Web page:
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Richard II - Coat of ArmsGiven the deep connections between the two plays, it would be logical to assume that either Richard II was written as a sequel to Richard II: Thomas of Woodstock or that R2: Woodstock was written as a prequel to Richard II.

Since it’s comparatively more common for authors to write sequels rather than prequels, let’s start with that hypothesis. If Richard II was written as a sequel to R2: Woodstock, we would expect to see callbacks to the earlier play. In just such a fashion, Shakespeare in Henry V has the king pray to God to forgive the deposition of Richard II by his father; and in Richard III he explicitly builds upon the murders seen onstage during the Henry VI plays.

Richard II similarly seems to build upon R2: Woodstock. Take, for example, the Duchess of Gloucester. She appears in the second scene of Richard II, laments the loss of her husband in commiseration with the Duke of York, and then disappears from the play entirely. Why? From a dramatic point of view, her brief presence seems to contribute very little (if anything) to the narrative of Richard II.

On the other hand, the scene serves admirably as a bridge between Richard II and R2: Woodstock, where the Duchess is an integral and pervasive character throughout the play. Viewed in this light, her appearance neatly ties off the plot of the previous play and helps transition the audience into the new circumstances of the sequel.

The frequent references to Richard as the “landlord of England” in R2: Woodstock might also be an example of this. The epithet is deeply tied into the narrative of R2: Woodstock (which revolves around the “renting” of the kingdom to Bushy, Bagot, Green, and Scroop). In Richard II, where the “leasing” of the kingdom is barely mentioned, the “landlord” reference is used only once, by the Duke of Lancaster:

Why, cousin, wert thou regent of the world,
It were a sharm to let this land by lease;
But for thy world enjoying but this land,
Is it not more than shame to shame it so?
Landlord of England art thou now, not king.

The line is a memorable one, and its power and meaning can certainly be carried through performance even when an audience doesn’t really know what Lancaster is talking about. But can’t it also be read as a dramatist reminding his audience of the events they saw in the previous play?

On the other hand, there are aspects of the play which make Richard II‘s role as a sequel seem doubtful. The most egregious example is the character of Greene, who dies dramatically in the closing scenes of R2: Woodstock only to “reappear” without explanation in Richard II (only to be executed by Bolingbroke).

The death of Greene in R2: Woodstock is completely unhistorical (he was, in fact, executed by Bolingbroke), but that’s of little consequence. (Elizabethan history plays, like modern Hollywood movies “based on a true story”, are studded with historical inaccuracies for the sake of dramatic necessity.) What seems impossible, however, is that an author would write a sequel to their own work featuring a character they had killed off in the previous installment!

… right?

Actually, it’s not quite so clear-cut. Consider the example of Jurassic Park: In the novel written by Michael Crichton the character of Ian Malcolm (played by Jeff Goldblum in the movie) dies. In the movie, on the other hand, Ian Malcolm survives. And when Steven Spielberg went to make the sequel, he wanted it to star Jeff Goldblum. But he also wanted it to be based on a novel by Crichton. Which is why Crichton’s The Lost World stars the formerly dead Ian Malcolm and never really bothers explaining how that could be true.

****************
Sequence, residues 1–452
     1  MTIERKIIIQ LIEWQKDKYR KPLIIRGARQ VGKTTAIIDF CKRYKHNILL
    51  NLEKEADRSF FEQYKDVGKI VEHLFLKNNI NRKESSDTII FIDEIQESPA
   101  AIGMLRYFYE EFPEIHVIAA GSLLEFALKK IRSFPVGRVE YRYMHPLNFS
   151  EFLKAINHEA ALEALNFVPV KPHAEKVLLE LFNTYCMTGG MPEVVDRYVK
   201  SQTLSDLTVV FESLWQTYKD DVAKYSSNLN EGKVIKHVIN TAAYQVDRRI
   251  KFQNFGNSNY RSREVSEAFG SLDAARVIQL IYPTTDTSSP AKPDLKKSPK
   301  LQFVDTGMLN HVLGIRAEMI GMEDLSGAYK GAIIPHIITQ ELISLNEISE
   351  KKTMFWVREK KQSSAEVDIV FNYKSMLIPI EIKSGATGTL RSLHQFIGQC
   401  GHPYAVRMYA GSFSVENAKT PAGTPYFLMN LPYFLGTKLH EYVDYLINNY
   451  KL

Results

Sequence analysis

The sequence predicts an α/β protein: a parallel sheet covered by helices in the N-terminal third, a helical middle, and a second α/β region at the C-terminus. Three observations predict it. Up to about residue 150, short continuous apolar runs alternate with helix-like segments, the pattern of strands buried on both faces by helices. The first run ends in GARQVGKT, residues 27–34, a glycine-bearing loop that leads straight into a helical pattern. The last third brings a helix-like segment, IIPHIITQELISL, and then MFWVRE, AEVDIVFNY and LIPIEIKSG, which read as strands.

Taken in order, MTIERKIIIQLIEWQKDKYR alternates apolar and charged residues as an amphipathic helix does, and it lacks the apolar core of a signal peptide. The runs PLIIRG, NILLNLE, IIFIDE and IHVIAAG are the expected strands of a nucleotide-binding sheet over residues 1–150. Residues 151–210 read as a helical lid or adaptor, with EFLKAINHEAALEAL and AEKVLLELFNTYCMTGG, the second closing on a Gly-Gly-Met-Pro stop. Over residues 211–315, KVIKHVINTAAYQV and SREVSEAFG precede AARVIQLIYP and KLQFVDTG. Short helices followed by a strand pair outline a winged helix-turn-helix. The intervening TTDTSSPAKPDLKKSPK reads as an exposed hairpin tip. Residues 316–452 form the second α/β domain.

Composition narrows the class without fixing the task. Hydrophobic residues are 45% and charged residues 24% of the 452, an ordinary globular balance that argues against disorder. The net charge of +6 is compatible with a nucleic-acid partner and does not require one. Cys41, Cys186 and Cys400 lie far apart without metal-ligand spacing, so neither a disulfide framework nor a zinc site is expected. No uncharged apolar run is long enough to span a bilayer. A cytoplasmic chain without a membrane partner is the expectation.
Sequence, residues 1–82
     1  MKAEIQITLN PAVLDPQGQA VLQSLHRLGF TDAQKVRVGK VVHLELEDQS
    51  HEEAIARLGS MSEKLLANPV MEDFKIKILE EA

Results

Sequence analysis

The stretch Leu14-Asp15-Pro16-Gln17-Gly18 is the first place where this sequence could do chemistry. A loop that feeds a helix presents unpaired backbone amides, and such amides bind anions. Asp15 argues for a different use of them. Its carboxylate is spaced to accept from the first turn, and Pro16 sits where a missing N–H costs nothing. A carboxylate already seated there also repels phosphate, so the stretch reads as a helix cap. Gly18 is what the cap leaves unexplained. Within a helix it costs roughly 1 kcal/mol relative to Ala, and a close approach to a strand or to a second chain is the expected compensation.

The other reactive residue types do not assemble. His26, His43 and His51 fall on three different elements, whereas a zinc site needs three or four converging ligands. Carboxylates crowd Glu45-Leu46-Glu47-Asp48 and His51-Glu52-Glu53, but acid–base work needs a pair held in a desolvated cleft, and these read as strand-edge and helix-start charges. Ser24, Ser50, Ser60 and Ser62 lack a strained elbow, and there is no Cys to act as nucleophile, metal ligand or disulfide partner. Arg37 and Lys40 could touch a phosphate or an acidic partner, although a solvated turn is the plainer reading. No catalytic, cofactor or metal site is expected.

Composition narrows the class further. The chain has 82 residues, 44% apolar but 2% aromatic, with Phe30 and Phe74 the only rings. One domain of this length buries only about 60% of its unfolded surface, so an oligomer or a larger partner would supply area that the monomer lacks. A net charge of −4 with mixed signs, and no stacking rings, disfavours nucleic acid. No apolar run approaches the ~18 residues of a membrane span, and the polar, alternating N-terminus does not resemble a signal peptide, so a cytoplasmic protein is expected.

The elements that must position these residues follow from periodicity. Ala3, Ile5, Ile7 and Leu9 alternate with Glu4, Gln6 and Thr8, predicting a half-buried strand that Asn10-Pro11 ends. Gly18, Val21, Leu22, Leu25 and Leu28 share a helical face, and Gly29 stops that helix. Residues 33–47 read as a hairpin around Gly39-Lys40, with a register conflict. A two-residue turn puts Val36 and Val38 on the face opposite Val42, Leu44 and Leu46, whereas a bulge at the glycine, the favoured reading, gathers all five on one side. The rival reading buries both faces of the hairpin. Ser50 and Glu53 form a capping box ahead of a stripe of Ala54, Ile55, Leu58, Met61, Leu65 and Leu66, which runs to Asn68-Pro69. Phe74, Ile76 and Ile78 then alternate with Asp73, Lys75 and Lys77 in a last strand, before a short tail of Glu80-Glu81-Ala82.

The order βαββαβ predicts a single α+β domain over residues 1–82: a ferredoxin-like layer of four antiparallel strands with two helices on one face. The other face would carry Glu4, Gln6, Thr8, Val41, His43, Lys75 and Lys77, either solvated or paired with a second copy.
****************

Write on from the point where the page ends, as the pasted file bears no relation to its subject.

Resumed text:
Am I saying Shakespeare had a film deal? No. I’m just pointing out that continuity errors ““ even a continuity error as significant as ignoring the death of a character ““ aren’t enough to prove that Michael Crichton didn’t write The Lost World.

In the case of Greene, there are any number of hypothetical possibilities: The actor playing Green could have proven popular enough to bring back the character. Our copy of R2: Woodstock could have been altered to include Greene’s dramatic death at a point where continuity with Richard II had become irrelevant. Or it could predate a rewrite which would have made R2: Woodstock more consistent with its sequel. Or perhaps the Shakespeare simply discovered he needed the character of Greene in Richard II and decided he didn’t care about the continuity problems.

Unfortunately, all of this speculation still leaves us at an impasse: Was Richard II written as a sequel to R2: Woodstock, building on its predecessor while recalling its dramatic arcs? Maybe. Was R2: Woodstock written as a prequel to Richard II, deliberately fleshing out material left undeveloped or merely evoked by the earlier play? It seems just as likely.

Go to Part 3

Originally posted on September 16th, 2010.

Updated Bibliography!

December 20th, 2014

The Bibliography page here at the Alexandrian — listing the more than two hundred books, articles, and reviews I’ve had published — has been updated and integrated into the WordPress site!

(That only took about four years longer than it should have…)

The layout of the new page is not as pretty as the old bibliography, but it’s far more accessible now and the buy links actually work properly. You can check it out here, or below the fold.
Read more »

RoboRally - 1st Edition RoboRally - 3rd Edition

RoboRally is 20 years old this year. It remains one of my favorite boardgames of all time: The combination of clever puzzle-solving, long-term strategic thinking, and half-crazed chaos is brilliantly balanced. I wrote a detailed review of the original edition of the game back in 1998.

One of the things I always wanted to do back in the day was pick up the three expansions that were released in the ’90s: Armed & Dangerous, Radioactive, Crash & Burn, and Grand Prix. Unfortunately, I was a poor high school / college student back then and I couldn’t afford to snap them up when they were released. Then, with the release of the second edition of the game, the expansions were taken out of print and immediately skyrocketed in price.

Last year, however, I decided to bite the bullet and track down all of the expansions for the game.